If the idea of driving in Europe appeals to you, you may be interested in research that reveals the cheapest car hire rates in the capital cities of European countries.
Whether you’re travelling around one destination or going on a road trip, you may be looking at some large costs around hiring a car, depending on the location. Research carried out by ChooseMyCar may help in that respect, as it reveals which European countries are the cheapest when it comes to hiring a car and which are more expensive.
The research indicates that Podgorica is the cheapest, as you can rent a car there for a week for only £31 (€36.50). It may be small, but there is plenty to explore in Montenegro's capital as the city has some excellent galleries, plenty of parks and a vibrant café culture. As you drive around exploring, you'll see that Podgorica sits at the confluence of two rivers. West of the Morača is the business district, while the Ribnica divides the eastern side in two. The south side is Stara Varoš, the old Ottoman town, while north is Nova Varoš, home to a lively mixture of shops and bars.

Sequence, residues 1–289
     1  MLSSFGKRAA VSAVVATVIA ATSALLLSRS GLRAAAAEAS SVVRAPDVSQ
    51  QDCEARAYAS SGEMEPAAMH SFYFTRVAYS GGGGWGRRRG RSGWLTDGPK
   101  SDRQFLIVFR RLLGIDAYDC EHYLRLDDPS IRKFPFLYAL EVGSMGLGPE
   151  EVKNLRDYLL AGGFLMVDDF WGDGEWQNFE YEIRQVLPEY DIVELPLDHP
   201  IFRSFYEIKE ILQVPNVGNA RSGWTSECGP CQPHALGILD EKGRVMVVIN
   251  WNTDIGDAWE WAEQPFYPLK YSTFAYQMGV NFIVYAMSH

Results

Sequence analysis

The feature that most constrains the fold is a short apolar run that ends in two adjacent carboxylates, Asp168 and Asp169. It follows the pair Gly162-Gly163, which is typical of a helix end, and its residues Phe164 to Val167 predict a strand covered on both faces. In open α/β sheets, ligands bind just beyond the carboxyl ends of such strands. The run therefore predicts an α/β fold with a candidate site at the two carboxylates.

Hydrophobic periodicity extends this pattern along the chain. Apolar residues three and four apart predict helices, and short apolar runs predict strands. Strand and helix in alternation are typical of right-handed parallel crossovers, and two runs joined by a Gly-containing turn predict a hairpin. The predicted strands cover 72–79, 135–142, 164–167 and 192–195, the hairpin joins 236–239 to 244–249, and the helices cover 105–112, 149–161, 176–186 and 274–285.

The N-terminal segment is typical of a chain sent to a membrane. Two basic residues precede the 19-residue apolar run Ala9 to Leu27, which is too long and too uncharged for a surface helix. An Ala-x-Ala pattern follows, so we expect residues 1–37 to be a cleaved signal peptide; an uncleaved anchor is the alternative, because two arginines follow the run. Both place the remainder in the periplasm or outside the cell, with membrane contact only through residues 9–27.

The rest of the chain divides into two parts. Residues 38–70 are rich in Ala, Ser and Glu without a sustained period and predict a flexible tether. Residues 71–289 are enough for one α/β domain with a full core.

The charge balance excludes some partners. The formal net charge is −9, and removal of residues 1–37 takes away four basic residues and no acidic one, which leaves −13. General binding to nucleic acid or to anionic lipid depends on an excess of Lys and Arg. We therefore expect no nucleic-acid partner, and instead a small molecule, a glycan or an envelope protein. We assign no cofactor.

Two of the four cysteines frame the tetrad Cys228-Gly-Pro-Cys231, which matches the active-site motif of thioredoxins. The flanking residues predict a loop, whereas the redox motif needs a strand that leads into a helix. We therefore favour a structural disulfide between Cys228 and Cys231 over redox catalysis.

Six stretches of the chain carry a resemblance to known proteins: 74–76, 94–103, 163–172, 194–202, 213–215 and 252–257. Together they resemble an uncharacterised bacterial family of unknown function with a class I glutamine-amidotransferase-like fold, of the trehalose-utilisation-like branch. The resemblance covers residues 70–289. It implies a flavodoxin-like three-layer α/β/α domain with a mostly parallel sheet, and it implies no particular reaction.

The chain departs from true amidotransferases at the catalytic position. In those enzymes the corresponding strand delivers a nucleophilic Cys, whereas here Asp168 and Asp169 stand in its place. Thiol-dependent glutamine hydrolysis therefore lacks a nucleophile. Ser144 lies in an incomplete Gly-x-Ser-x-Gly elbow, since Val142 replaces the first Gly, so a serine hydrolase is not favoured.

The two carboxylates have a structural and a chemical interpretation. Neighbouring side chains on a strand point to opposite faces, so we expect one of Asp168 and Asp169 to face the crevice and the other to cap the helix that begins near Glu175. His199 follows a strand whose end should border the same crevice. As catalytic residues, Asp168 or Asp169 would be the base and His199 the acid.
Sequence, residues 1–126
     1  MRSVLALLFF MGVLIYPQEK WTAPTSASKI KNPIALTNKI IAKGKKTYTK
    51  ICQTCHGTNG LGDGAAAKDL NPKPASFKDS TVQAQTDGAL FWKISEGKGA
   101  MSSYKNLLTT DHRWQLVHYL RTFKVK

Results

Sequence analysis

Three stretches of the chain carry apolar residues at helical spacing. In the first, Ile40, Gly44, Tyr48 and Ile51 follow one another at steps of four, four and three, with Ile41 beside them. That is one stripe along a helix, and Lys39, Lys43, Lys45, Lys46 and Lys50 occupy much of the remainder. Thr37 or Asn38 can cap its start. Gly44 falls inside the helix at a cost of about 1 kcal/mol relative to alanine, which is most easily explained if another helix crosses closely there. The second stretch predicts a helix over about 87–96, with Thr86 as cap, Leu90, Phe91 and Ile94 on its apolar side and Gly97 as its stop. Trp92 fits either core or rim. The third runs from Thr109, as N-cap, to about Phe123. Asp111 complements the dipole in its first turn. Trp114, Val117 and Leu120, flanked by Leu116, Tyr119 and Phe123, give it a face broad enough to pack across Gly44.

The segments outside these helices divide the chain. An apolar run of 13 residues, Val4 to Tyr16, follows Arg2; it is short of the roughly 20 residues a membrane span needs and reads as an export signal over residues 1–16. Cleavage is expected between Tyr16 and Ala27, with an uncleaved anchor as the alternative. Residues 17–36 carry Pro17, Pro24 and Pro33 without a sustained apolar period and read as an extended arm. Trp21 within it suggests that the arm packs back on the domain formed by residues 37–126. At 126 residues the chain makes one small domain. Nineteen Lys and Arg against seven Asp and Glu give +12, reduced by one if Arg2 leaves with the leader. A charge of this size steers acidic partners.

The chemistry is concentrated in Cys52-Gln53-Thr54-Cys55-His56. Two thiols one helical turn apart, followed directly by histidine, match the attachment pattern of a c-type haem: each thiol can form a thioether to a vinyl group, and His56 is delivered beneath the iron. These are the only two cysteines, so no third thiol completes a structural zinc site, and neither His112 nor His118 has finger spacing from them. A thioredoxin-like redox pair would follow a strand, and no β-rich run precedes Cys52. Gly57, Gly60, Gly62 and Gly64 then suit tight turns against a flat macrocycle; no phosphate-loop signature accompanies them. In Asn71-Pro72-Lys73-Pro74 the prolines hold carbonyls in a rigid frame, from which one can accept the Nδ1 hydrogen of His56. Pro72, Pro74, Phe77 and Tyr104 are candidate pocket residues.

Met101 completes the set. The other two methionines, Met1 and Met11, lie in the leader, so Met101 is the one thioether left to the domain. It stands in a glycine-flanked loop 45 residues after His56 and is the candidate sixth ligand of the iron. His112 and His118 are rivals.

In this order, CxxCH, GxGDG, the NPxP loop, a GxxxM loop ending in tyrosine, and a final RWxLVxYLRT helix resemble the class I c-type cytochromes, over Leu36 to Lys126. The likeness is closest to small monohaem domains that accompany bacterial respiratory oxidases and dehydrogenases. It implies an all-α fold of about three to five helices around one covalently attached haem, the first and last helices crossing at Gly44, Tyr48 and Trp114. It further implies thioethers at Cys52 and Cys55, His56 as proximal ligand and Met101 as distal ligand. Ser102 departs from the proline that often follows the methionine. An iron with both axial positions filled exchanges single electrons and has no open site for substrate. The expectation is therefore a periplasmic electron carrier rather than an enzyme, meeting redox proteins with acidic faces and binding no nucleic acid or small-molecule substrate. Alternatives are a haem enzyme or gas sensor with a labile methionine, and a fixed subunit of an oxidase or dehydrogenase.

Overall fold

Belgrade in Serbia came in second place, with a week's car rental costing £43 (€50.65). Belgrade's gritty exuberance makes it one of Europe's most happening cities, and as you cruise its streets, you will see socialist blocks squeezed between art nouveau masterpieces and remnants of the Habsburg legacy contrasting with Ottoman relics and socialist modernist monoliths. The third-cheapest was Zagreb in Croatia, where car hire costs £56.09 (€66.06) for a week, possibly because it's a city made for strolling. You can search out the grittier pockets of town where bland concrete walls have been transformed into colourful murals by local street artists.
Sarejevo in Bosnia and Herzegovina came in fourth place with a week's car hire costing £59.14 (€69.63), and Athens in Greece came in fifth position with a cost of £90.16 (€106.14) per week.
You can check out the full list of cities and their car rental prices by visiting ChooseMyCar's website here.